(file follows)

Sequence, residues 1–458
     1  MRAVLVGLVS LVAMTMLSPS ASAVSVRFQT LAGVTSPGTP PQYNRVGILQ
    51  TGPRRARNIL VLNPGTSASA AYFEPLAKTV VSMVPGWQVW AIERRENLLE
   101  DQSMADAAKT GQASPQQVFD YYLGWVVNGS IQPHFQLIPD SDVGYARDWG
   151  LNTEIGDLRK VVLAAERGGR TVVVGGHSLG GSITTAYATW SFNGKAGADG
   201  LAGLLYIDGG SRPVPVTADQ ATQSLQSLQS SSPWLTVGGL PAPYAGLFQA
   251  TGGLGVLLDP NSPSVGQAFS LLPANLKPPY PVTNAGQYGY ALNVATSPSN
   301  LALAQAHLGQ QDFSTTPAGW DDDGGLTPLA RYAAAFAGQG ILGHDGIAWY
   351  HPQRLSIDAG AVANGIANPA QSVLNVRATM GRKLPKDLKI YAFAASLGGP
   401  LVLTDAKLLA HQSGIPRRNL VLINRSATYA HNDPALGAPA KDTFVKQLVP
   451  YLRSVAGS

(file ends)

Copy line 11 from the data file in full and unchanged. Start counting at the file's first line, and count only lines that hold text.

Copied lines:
   451  YLRSVAGS